Search

When did we all start under dressing?



One of the things I love about dressing up, is dressing up. I mourn slightly for a time before I was born, where people used to wear what we now deem ‘fancy’ clothes, every day. Pretty frocks and waistcoats and pocket handkerchiefs, shiny shoes and everybody seemed to wear a hat. So, what happened? Have we become a generation, and a nation, of dress downers? Why did it happen and is there any chance of the fashion future reverting back to everyday dressing up?

Since clothes started being more than just a practicality, getting dressed has been a way of showing role, belonging, wealth and expression. Society dressed based on class, purpose and dressing up in frocks and matching doublet and pantaloons was just what was done for many people’s day to day wear.

Through every era, those who could afford it draped themselves in the most sumptuous fabrics, cutting edge designs and trends, and plenty of glitzy status affirming trinkets and accessories. Dressing became less about need and more about want. Not necessarily a bad thing though, as the choices made throughout fashion time allowed more and more people to dress up according to their own wishes and styles. Being able to dress in our own clothes, especially for a special occasion, has allowed us to develop our own sense of style and reflect our personality.

Even in many ancient civilisations, dressing up wasn’t just for occasion. Yes, there could be symbolic, religious and cultural reasons for certain colours and styles; in Ancient Rome, only the Emperor could wear a full purple ‘trabea’ toga, and purple was reserved exclusively for the VIPs of the day. Whizzing forward many centuries, and the thing that pops to mind when talking about everyday extravagant dressing is what is called ‘Modern History’ from the 15th century on. The start of this era saw the wealthy and middle-classed dressing in some especially complicated and expensive fashions and styles, just for day to day wear. For example, Tudor style with its ruffs, velvet, silks, furs and jewels. And think about the amount of effort it would have taken to get dressed into the pomp and pouffery (and wigs!) in the 1700s or to assemble the huge crinoline gowns of the mid-19th century.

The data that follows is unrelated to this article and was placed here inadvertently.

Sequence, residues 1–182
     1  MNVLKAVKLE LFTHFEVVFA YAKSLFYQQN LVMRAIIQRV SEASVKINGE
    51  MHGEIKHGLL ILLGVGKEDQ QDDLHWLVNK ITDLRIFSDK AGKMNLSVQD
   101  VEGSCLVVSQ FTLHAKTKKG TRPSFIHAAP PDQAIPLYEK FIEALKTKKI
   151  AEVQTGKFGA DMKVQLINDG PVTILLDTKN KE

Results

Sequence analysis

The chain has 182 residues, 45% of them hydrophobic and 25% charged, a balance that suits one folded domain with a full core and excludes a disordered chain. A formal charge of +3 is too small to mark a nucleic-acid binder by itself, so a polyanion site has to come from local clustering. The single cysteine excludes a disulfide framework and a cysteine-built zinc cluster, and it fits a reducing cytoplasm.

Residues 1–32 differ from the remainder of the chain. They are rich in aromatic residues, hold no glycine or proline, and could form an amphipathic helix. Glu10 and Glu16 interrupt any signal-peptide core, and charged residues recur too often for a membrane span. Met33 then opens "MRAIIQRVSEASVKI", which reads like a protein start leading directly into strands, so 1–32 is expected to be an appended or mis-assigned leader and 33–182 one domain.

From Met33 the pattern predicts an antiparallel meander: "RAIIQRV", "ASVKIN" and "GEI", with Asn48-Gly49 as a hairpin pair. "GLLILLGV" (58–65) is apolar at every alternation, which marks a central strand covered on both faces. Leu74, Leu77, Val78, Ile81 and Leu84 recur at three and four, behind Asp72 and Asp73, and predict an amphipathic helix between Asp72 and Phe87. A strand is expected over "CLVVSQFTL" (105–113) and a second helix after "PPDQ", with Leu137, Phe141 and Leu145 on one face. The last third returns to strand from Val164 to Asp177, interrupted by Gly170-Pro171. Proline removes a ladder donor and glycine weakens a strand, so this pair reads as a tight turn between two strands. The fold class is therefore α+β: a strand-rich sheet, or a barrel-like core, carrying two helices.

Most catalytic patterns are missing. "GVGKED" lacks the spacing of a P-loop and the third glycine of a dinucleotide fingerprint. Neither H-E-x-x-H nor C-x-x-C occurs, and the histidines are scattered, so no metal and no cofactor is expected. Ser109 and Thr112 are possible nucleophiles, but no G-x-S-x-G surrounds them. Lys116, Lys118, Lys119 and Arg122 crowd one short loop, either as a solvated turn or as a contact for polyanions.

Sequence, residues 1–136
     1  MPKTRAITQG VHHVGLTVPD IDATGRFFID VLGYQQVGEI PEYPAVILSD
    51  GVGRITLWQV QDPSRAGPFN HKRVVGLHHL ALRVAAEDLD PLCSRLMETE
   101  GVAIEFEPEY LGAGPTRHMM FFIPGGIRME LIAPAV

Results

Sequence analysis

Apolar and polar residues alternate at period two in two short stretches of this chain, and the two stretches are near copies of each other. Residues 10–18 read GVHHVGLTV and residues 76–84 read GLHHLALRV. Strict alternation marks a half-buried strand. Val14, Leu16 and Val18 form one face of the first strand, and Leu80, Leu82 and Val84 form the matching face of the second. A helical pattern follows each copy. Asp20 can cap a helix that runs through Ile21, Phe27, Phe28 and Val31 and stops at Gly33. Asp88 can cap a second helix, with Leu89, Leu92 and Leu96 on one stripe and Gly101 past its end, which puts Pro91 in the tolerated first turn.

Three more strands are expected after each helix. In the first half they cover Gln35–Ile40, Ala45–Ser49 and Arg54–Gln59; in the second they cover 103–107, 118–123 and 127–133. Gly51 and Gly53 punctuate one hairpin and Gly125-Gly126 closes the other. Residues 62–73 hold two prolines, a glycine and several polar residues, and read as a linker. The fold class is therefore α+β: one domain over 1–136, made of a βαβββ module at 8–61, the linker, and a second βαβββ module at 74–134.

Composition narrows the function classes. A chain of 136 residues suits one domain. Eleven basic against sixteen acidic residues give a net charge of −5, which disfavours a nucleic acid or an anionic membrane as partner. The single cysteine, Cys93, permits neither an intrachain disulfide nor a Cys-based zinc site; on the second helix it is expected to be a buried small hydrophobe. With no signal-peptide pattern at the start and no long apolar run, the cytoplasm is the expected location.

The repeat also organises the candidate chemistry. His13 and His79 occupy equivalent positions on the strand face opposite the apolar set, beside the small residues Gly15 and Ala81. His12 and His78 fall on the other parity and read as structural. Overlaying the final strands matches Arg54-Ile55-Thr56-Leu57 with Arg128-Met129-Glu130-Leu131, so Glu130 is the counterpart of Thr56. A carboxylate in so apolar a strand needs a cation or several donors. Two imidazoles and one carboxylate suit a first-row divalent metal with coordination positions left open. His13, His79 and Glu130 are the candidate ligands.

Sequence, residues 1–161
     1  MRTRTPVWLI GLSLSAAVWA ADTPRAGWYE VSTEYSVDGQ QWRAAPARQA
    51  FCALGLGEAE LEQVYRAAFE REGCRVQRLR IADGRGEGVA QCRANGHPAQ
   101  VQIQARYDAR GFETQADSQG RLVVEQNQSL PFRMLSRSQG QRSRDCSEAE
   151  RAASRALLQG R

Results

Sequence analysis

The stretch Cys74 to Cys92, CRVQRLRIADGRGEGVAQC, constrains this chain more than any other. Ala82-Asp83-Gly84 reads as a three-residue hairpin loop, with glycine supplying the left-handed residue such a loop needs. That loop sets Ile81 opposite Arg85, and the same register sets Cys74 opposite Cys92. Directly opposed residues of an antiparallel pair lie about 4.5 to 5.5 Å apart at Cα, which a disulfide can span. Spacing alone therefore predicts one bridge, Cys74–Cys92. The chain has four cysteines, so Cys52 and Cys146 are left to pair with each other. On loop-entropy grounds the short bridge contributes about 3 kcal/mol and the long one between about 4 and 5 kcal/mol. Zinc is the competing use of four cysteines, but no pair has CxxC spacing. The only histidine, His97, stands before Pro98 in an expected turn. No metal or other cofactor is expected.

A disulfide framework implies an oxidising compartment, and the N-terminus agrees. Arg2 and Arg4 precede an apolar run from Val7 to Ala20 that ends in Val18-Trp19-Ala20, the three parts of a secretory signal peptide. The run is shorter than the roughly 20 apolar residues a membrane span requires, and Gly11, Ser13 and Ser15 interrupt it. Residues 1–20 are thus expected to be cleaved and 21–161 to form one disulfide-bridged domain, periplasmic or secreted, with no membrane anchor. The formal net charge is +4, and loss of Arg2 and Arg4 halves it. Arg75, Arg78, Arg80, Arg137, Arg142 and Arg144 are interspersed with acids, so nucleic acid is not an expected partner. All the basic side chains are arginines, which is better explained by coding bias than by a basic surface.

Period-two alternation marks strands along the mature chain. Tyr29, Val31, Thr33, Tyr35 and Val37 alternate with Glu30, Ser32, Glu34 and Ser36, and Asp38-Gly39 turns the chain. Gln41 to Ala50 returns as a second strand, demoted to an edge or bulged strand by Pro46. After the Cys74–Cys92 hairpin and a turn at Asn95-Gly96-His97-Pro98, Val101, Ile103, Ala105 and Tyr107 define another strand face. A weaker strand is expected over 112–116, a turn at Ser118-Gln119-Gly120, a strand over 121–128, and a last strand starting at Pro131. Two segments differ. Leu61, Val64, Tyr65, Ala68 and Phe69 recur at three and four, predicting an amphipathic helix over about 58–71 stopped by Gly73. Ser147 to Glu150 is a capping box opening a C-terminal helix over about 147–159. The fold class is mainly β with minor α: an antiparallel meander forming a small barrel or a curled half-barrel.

At least the 1920s toned it down, with more slimline silhouettes; no more nipped in waists and layers upon layers of taffeta, but it was replaced with embellishing and fringing and glamorous art deco jewellery. And then, after World War II and the austerity imposed on fabrics with the ‘make do and mend’ culture, Christian Dior launched the New Look in 1947. This was a turning point in fashion again, showcasing high end looks that revived the tired fashion era. The days of more is more were back, with big skirts, more material and fitted waistlines and this style was the choice for even daily wear.

It was ready-to-wear collections that changed the face of dressing forever. After the Industrial Revolution, easier trade and manufacturing meant that people started to gain access to fast fashion and they could afford fancier clothes despite their age, wage or place in society. Although ready-to-wear has been available for the last 100 years or so, the latter half of the 20th century has seen a huge boost in our consumerism - new designers, high street brands and stores are always opening and ready to churn out many different styles. Whilst Haute Couture is all very well (and trés expensive), collections from the catwalk to the high street have allowed us to wear bits of luxury on a daily basis or buy ‘occasion’ clothes off the rack.